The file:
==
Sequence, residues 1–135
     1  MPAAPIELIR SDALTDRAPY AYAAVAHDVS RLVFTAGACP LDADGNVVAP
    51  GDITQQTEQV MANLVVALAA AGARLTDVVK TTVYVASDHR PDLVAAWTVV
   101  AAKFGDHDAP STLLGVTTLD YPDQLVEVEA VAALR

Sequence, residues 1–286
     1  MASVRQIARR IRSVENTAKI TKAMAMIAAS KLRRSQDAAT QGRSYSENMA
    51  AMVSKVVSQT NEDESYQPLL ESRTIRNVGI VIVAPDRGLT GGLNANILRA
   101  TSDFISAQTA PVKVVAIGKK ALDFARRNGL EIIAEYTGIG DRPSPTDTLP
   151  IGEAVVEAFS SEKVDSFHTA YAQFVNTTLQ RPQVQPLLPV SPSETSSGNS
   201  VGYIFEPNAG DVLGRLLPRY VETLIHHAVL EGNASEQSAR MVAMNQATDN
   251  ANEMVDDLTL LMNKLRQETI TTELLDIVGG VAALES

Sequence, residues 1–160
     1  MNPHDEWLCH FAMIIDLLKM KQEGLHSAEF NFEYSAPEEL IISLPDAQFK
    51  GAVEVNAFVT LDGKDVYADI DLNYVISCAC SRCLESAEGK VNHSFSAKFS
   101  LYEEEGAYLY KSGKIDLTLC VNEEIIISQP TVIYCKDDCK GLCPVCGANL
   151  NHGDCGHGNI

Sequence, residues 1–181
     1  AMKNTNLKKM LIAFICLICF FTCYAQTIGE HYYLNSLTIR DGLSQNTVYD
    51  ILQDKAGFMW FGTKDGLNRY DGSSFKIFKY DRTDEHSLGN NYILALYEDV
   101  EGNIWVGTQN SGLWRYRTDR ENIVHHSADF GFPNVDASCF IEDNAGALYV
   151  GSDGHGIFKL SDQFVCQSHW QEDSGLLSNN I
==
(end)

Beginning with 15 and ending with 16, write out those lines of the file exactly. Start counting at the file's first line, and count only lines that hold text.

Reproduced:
   101  LYEEEGAYLY KSGKIDLTLC VNEEIIISQP TVIYCKDDCK GLCPVCGANL
   151  NHGDCGHGNI